—Travis Durfee

What’s a Little Spying Among Allies?

U.S. surveillance campaign targeting U.N. delegates receives little attention in U.S. media

The United States’ latest “dirty tricks” campaign—alleged spying on U.N. delegates—made headlines in the international press after being leaked from the National Security Agency and reported by The Observer in London on March 2. However, the news hasn’t received as much attention in America.

The Observer reported evidence of aggressive surveillance of several United Nations delegates in New York, described in a memorandum turned over to the paper. The NSA’s surveillance reportedly involved tapping home and office telephones, and intercepting delagates’ e-mails.

The story was reported in the American press, but didn’t seem to cause much of a disturbance. In a March 9 article published by the national media watch group Fairness and Accuracy In Reporting (www.fair.org), Norman Solomon highlights the issue.

“The U.S. media treatment has contrasted sharply with coverage on other continents,” the article said. “ ‘While some have taken a ho-hum attitude in the U.S., many around the world are furious,’ says Ed Vulliamy, one of the Observer reporters who wrote the March 2 article.”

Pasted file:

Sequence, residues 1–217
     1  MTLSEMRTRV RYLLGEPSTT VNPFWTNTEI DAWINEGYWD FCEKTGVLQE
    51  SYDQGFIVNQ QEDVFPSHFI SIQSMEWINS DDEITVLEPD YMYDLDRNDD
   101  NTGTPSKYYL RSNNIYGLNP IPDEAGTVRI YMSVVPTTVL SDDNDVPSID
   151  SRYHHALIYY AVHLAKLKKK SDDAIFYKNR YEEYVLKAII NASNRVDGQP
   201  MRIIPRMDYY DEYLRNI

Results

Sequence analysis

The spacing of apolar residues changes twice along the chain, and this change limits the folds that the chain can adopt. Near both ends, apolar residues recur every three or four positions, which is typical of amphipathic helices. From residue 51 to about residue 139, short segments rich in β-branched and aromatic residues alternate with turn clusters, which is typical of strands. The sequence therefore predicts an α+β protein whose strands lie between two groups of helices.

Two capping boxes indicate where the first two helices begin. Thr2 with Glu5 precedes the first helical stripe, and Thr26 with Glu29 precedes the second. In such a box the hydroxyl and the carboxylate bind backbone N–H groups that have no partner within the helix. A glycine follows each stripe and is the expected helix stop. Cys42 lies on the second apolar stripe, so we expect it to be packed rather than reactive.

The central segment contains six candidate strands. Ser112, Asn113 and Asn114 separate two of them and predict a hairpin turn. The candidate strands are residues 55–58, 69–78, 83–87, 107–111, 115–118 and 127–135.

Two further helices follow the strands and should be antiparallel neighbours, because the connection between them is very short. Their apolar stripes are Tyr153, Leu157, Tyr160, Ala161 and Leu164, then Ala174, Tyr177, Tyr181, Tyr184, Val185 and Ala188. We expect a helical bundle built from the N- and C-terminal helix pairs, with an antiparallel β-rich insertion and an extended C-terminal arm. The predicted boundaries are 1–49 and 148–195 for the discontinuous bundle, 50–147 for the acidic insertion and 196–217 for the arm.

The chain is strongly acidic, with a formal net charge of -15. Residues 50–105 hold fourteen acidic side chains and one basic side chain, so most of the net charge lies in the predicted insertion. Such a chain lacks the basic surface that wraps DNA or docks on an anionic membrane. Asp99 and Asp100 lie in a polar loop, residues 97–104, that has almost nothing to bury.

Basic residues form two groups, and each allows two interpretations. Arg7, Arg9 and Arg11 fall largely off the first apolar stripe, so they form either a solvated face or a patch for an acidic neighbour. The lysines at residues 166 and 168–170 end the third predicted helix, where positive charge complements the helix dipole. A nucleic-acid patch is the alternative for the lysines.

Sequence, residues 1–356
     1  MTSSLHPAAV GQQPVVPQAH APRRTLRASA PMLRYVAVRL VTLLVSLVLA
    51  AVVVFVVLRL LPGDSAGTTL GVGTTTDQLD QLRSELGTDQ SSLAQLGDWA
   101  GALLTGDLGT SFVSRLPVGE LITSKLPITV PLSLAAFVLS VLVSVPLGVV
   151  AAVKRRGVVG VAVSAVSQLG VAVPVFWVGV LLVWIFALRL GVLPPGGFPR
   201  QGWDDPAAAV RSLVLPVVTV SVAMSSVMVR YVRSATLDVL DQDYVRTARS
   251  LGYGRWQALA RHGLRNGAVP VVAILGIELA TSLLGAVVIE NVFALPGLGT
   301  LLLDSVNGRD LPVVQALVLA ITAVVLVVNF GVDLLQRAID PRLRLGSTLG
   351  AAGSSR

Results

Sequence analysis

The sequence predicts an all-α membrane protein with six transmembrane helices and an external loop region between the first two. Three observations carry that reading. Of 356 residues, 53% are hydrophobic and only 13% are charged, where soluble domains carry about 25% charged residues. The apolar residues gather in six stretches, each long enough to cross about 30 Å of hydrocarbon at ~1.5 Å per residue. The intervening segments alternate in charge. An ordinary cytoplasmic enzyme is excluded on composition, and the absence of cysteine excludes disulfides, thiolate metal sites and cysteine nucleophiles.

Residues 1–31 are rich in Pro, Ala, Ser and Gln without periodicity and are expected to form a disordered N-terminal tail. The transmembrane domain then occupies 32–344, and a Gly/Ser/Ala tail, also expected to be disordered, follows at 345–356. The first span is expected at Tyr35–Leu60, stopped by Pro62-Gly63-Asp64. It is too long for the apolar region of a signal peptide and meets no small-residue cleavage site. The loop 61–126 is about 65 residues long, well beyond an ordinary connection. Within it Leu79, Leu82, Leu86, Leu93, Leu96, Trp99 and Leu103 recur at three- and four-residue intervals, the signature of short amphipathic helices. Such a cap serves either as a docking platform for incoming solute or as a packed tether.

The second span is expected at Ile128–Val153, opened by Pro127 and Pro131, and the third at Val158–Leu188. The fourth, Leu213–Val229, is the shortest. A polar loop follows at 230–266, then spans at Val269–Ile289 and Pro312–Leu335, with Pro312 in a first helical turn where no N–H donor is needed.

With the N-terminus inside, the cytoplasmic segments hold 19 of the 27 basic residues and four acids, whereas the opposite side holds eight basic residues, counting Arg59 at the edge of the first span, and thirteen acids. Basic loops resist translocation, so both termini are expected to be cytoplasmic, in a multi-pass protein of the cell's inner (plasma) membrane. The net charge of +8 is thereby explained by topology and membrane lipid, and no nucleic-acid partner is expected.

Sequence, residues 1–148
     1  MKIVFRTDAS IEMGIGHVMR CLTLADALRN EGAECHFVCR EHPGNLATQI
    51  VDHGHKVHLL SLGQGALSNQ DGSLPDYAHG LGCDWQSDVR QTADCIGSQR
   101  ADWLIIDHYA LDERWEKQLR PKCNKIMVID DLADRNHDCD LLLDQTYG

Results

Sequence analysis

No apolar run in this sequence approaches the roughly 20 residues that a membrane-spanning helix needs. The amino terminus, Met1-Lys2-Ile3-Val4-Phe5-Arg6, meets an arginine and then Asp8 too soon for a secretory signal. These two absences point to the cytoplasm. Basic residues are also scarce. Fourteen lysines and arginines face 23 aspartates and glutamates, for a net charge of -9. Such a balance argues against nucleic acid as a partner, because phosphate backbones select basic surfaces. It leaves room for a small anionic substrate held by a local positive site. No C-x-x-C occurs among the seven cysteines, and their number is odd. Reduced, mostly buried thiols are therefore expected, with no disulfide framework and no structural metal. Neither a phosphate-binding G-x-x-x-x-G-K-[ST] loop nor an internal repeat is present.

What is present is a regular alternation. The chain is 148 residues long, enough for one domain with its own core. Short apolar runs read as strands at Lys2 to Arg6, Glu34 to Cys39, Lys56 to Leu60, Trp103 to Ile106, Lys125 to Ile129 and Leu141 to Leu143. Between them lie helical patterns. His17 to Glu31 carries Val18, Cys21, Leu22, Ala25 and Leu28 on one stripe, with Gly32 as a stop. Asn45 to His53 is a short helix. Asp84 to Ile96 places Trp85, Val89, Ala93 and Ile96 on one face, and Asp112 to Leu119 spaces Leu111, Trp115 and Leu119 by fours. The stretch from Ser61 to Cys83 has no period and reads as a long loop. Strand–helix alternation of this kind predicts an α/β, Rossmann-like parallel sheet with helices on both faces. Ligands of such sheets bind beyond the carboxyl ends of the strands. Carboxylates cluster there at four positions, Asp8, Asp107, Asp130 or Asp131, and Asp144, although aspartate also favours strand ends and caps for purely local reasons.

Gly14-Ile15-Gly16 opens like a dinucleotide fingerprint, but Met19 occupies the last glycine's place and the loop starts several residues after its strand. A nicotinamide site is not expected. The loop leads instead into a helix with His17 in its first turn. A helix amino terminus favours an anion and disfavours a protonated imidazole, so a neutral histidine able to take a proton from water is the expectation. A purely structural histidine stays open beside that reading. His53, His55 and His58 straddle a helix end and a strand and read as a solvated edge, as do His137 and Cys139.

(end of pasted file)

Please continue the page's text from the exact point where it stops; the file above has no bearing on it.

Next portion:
The memo turned over to The Observer was written by Frank Kozo, the chief of staff of the Regional Targets section of the NSA, and addressed to senior NSA officials. The Bush administration has neither denied nor confirmed the authenticity of the memo.

Kozo reportedly directed the officials in the memo to mount a surge of surveillance in an effort to ascertain delegates’ “policies,” “negotiating positions,” “alliances” and “dependencies”—what was described in the memo as “the whole gamut of information that could give U.S. policymakers an edge in obtaining results favorable to U.S. goals or to head off surprises.”

Delegates from Angola, Cameroon, Chile, Mexico, Guinea and Pakistan were the reported targets of the spying. The six countries are the targets of intense pressure from Great Britain and the United States to sway their votes in favor of a resolution that would present Iraq with a deadline for disarmament and authorize the use of force if it failed to comply. The antiwar camp, led by France, China and Russia, is also fighting for the votes for more time for inspections.